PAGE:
Once upon a time, some crazy friends of mine in South Africa decided to take a road trip.  As in, a roooaaad trip.  Two couples packed up a Land Rover and a Land Cruiser and trekked overland for nearly six months, crossing borders all the way from Cape Town to Kenya and back again.

During their journey through the African continent, they visited several missionaries – some friends, and others they had never met before.  Through these visits, they were convicted by the need that exists amongst those serving the Lord, often in relation to lack of resources and funding.

The main question in their minds as they traveled was, “Why should we live with so much, when those we want to serve on the ground and on the front line must struggle with so little?”

They began to think, “If only we, those of us blessed with jobs and money, could spend our resources differently, with a constant thought for the Gospel and the needs of God’s people, we could potentially free up so much that could be used for the eternal good.”

So they started to talk about how they could tweak their own lifestyles to better advance the gospel in the trenches of on-the-ground missions – and this is what they came up with:

"A group of us would go out every Friday night for dinner at a local restaurant. Nothing flashy, just some good food and time together. When we started questioning how we could spend our money differently to raise funds for missionary work, we agreed that instead of going out for dinner every Friday night, we could maybe go out one Friday a month, and then go to someone’s house for egg on toast on the other Friday nights. Thus, without changing much, and without spending more money, we could save money for God’s kingdom. This small sacrifice is a reflection of our commitment to Christ, and to those out in the mission field in need of our support. The idea is not to spend more money, but simply to spend our money differently.  So nothing really changed – Fridays remained non-flashy, food was still good (sometimes better), and we still spent time together. The upside, though, was that we now had money to give back to God.”

They pitched the idea to more friends, and thus birthed the Egg on Toast Fund – a fund where people contribute the cash they have ‘saved’ through lifestyle changes, and the money is divided to support designated missionaries each month. In its first year of existence, the Egg on Toast fund supported four missionary families – in Kenya, Rwanda, Uganda and Cape Town – on a monthly basis.

Lifestyle changes

The challenge to live differently in order to give more has taken shape in various forms for the different people involved.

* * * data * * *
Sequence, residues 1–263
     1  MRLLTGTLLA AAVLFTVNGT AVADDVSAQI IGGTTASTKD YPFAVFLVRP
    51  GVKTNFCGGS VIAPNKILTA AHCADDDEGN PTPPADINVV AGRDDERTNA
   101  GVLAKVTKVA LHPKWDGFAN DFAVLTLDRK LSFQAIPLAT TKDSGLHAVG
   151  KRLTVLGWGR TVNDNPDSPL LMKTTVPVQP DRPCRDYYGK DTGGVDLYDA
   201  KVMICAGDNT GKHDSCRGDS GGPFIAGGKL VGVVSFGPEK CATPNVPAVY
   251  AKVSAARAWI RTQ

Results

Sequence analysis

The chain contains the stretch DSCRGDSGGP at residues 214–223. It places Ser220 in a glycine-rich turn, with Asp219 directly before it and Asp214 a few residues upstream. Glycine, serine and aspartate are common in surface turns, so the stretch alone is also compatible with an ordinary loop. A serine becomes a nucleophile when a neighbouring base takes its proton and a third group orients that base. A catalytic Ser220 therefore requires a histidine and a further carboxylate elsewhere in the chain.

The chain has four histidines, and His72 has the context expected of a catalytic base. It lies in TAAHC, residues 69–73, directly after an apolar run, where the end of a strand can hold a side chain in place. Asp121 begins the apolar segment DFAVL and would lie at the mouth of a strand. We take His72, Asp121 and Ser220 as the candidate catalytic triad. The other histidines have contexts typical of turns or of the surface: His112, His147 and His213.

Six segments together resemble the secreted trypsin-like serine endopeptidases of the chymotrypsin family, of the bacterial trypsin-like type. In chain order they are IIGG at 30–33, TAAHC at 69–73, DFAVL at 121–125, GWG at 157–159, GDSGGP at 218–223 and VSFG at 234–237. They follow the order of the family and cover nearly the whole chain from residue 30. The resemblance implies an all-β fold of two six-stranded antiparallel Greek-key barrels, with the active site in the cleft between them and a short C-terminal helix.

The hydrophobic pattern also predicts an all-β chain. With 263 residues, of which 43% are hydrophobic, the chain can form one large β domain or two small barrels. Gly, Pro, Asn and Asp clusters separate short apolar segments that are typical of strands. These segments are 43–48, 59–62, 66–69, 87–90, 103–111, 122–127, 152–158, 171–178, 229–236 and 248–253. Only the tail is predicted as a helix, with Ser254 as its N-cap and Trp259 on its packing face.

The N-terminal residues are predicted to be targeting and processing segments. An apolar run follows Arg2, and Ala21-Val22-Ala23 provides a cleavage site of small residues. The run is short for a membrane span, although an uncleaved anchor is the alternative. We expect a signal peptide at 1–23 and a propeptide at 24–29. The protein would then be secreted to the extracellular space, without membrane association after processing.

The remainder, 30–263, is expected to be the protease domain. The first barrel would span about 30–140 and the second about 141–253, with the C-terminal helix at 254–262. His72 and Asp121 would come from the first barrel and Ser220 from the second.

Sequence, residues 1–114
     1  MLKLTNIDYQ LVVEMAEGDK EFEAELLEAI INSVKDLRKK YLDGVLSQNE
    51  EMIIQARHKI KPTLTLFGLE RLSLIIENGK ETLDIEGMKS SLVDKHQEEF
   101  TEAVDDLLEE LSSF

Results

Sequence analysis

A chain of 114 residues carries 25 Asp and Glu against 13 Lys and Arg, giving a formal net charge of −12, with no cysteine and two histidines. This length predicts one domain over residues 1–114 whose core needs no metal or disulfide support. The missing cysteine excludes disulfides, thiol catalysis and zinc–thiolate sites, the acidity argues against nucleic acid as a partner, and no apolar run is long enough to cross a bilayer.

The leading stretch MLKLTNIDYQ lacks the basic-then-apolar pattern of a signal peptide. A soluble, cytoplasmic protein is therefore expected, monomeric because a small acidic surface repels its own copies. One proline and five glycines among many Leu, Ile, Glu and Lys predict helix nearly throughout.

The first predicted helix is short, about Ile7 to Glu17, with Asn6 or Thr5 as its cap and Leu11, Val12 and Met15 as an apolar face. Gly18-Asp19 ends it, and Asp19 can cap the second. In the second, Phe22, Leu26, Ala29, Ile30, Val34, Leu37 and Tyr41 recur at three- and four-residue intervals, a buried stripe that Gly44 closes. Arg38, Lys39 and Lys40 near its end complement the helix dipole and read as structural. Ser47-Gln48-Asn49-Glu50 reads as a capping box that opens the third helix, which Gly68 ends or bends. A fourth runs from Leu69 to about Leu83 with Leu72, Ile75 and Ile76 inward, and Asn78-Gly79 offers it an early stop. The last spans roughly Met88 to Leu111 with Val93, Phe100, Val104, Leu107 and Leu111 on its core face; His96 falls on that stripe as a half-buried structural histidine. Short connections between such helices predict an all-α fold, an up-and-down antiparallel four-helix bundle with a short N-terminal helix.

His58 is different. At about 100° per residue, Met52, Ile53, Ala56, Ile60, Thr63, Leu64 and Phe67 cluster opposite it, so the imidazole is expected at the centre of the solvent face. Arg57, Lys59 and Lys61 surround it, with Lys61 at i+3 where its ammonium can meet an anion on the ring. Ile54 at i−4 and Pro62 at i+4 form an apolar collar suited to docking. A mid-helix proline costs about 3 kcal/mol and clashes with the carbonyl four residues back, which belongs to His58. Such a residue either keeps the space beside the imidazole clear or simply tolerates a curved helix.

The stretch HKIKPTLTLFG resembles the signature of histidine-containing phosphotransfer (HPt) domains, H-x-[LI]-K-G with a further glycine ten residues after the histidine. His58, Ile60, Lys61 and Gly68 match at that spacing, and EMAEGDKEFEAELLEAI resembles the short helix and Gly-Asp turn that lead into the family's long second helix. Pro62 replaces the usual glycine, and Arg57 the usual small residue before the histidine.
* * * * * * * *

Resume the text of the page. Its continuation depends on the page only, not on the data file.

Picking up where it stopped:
Besides having egg on toast with friends, here are some more lifestyle ideas generated and put into practice by those participating in the Egg on Toast fund:

  • Riding a bicycle or running to work and using the money saved on gas to put into the fund
  • Inviting a friend over for coffee instead of going out for coffee
  • Using secondhand car parts instead of new parts 

What simple changes could you make in your own life to have more money available to give to the Lord and His purposes?

  • What if you sold one of your vehicles?  The monthly car insurance payment on your second or third family car could become a regular contribution to support missionaries.
  • What if you downsized your SUV for a more economic car that guzzles less gas?  You could use the money saved on fuel to give away to those in need.
  • What if you cut your cable service, and took out free DVD’s from the library instead?
  • What if you canceled your landline service at home, or downgraded your cell phone plan?
  • What if you started buying generic grocery items instead of brand name?
  • What if you weaned yourself off that daily Starbucks run, and only indulged in a Grande Frappucino once a week?

Worldview changes

These may seem like drastic measures at first glance – and maybe they are.  But maybe it’s time that each of us asked the Lord to alter our thinking, shift our worldview, change our mindset, so that we might truly live as though “the earth is the Lord's, and everything in it, the world, and all who live in it …” (Psalm 24:1).

In his book, ‘Distinctives,’ Vaughan Roberts writes about how he views the money he earns as God’s money.  He takes what he needs to survive, and gives the rest back to the Lord, as opposed to taking everything as if it is his.

We tend to think that we earn the money we have, and therefore it is ours to spend.  As the Egg on Toast founder observed, “Giving is just not enough of a lifestyle.  We think we deserve our salaries rather than seeing them as gifts from God.”

Randy Alcorn observes in his book, The Treasure Principle,